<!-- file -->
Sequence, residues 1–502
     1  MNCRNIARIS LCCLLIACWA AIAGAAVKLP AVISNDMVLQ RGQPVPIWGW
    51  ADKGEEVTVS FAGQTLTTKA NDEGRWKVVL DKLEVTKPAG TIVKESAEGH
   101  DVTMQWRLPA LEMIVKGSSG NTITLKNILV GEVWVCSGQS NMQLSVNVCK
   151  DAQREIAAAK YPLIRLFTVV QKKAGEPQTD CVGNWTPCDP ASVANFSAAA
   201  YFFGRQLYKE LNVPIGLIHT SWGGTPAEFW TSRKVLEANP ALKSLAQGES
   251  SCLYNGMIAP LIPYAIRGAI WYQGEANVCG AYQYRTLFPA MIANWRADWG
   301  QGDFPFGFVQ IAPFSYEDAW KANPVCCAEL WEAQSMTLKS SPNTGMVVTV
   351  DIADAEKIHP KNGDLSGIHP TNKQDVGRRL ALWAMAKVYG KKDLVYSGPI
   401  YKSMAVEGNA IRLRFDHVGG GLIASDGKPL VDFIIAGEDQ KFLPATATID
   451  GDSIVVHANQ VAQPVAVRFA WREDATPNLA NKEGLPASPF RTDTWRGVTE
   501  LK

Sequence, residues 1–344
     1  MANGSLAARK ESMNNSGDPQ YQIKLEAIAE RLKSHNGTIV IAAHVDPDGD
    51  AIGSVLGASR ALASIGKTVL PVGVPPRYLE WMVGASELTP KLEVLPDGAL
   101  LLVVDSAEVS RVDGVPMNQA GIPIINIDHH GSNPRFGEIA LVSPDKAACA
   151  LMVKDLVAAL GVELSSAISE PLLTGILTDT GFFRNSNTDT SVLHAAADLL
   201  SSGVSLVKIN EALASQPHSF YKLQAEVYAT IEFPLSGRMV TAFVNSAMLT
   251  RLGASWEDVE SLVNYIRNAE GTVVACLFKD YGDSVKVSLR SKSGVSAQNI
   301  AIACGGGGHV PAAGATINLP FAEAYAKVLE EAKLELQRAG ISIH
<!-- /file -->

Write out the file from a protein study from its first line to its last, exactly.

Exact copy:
Sequence, residues 1–502
     1  MNCRNIARIS LCCLLIACWA AIAGAAVKLP AVISNDMVLQ RGQPVPIWGW
    51  ADKGEEVTVS FAGQTLTTKA NDEGRWKVVL DKLEVTKPAG TIVKESAEGH
   101  DVTMQWRLPA LEMIVKGSSG NTITLKNILV GEVWVCSGQS NMQLSVNVCK
   151  DAQREIAAAK YPLIRLFTVV QKKAGEPQTD CVGNWTPCDP ASVANFSAAA
   201  YFFGRQLYKE LNVPIGLIHT SWGGTPAEFW TSRKVLEANP ALKSLAQGES
   251  SCLYNGMIAP LIPYAIRGAI WYQGEANVCG AYQYRTLFPA MIANWRADWG
   301  QGDFPFGFVQ IAPFSYEDAW KANPVCCAEL WEAQSMTLKS SPNTGMVVTV
   351  DIADAEKIHP KNGDLSGIHP TNKQDVGRRL ALWAMAKVYG KKDLVYSGPI
   401  YKSMAVEGNA IRLRFDHVGG GLIASDGKPL VDFIIAGEDQ KFLPATATID
   451  GDSIVVHANQ VAQPVAVRFA WREDATPNLA NKEGLPASPF RTDTWRGVTE
   501  LK

Sequence, residues 1–344
     1  MANGSLAARK ESMNNSGDPQ YQIKLEAIAE RLKSHNGTIV IAAHVDPDGD
    51  AIGSVLGASR ALASIGKTVL PVGVPPRYLE WMVGASELTP KLEVLPDGAL
   101  LLVVDSAEVS RVDGVPMNQA GIPIINIDHH GSNPRFGEIA LVSPDKAACA
   151  LMVKDLVAAL GVELSSAISE PLLTGILTDT GFFRNSNTDT SVLHAAADLL
   201  SSGVSLVKIN EALASQPHSF YKLQAEVYAT IEFPLSGRMV TAFVNSAMLT
   251  RLGASWEDVE SLVNYIRNAE GTVVACLFKD YGDSVKVSLR SKSGVSAQNI
   301  AIACGGGGHV PAAGATINLP FAEAYAKVLE EAKLELQRAG ISIH